October 10, 2013
Topical Highlights for Securities provides summaries of significant federal and state judicial decisions and legislative and administrative activities affecting Securities law. A Westlaw subscription is required to access the documents linked from this page.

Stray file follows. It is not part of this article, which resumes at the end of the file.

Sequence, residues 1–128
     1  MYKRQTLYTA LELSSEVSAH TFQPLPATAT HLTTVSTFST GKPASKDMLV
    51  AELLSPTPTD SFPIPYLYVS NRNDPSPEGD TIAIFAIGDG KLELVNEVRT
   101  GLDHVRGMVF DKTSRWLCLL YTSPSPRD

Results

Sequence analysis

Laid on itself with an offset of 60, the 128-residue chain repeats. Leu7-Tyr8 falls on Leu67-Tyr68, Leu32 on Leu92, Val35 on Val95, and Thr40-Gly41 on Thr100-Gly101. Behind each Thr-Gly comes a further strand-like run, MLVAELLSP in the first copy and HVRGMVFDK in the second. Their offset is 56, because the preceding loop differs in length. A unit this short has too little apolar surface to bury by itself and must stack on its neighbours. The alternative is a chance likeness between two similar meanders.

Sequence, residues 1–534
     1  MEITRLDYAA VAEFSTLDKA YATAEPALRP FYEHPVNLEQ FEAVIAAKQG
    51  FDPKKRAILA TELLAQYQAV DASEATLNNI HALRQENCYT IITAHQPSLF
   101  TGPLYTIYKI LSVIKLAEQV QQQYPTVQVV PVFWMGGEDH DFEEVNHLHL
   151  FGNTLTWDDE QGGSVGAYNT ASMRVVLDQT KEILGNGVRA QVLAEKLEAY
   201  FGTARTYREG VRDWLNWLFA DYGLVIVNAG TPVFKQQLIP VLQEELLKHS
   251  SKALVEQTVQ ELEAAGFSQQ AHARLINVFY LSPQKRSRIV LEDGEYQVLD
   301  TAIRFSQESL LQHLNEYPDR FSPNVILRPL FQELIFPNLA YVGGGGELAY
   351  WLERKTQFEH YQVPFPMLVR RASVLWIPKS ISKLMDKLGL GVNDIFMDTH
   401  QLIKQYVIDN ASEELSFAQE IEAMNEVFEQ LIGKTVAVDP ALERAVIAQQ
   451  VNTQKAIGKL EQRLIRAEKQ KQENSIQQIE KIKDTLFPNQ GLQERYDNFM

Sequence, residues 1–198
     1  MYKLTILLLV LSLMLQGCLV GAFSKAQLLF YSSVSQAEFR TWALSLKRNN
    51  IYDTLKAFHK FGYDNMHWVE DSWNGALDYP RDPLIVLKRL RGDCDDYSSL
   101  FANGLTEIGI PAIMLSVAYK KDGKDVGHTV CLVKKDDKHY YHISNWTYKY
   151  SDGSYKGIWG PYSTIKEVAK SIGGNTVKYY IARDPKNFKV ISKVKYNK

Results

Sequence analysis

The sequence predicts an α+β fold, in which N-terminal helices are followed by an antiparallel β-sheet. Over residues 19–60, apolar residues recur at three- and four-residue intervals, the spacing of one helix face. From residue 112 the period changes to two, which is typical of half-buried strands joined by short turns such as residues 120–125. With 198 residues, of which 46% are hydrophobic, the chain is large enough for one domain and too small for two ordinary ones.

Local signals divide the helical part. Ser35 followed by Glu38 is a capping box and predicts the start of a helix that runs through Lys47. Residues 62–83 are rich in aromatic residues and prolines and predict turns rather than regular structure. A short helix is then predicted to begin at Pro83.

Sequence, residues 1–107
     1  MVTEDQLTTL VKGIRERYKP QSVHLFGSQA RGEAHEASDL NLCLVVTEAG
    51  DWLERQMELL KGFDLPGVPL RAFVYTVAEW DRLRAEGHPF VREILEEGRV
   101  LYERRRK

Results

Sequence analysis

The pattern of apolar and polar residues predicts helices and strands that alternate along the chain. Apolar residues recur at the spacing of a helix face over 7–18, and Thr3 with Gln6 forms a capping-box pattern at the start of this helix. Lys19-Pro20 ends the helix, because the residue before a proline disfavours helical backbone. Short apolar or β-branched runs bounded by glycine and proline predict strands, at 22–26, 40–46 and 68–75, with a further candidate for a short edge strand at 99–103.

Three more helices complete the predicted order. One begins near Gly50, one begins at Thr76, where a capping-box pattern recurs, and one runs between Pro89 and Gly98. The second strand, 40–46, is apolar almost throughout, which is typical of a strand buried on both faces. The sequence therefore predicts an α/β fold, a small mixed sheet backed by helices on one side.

Trading and Markets: Unsecured promissory notes evincing loans to company were “securities” within meaning of federal securities law. S.E.C. v. Thompson 2013 WL 5498133 (C.A.10 (Utah)). Under the family resemblance test used to determine whether notes are “securities” under the Securities Exchange Act, approximately 60 unsecured promissory notes evincing loans to a businessman and his company as part of an alleged Ponzi scheme were found to be “securities.” The business started borrowing funds to grow a reserve toward $12 million it needed to fund a China biodiesel project, and the lenders were interested primarily in the 36 to 60 percent profit the notes were expected to generate. Although the original lenders were family members and friends who learned of the business investment through word-of-mouth, the program expanded to anyone, especially unsophisticated investors, who had $100,000 to invest. And although the instrument used expressly stated it was not a security and bore features not ordinarily associated with securities, such as acceleration conditions, a waiver-of-presentment clause, a non-assignment clause, and an attorney-fee-collection clause, a reasonable investor would likely question this characterization, given that it was disclosed from the beginning that the business was investing notes with another entity. 2013 WL 5498133. (The full-text of the rest of the Topical Highlights are available within Westlaw Next, subscription required).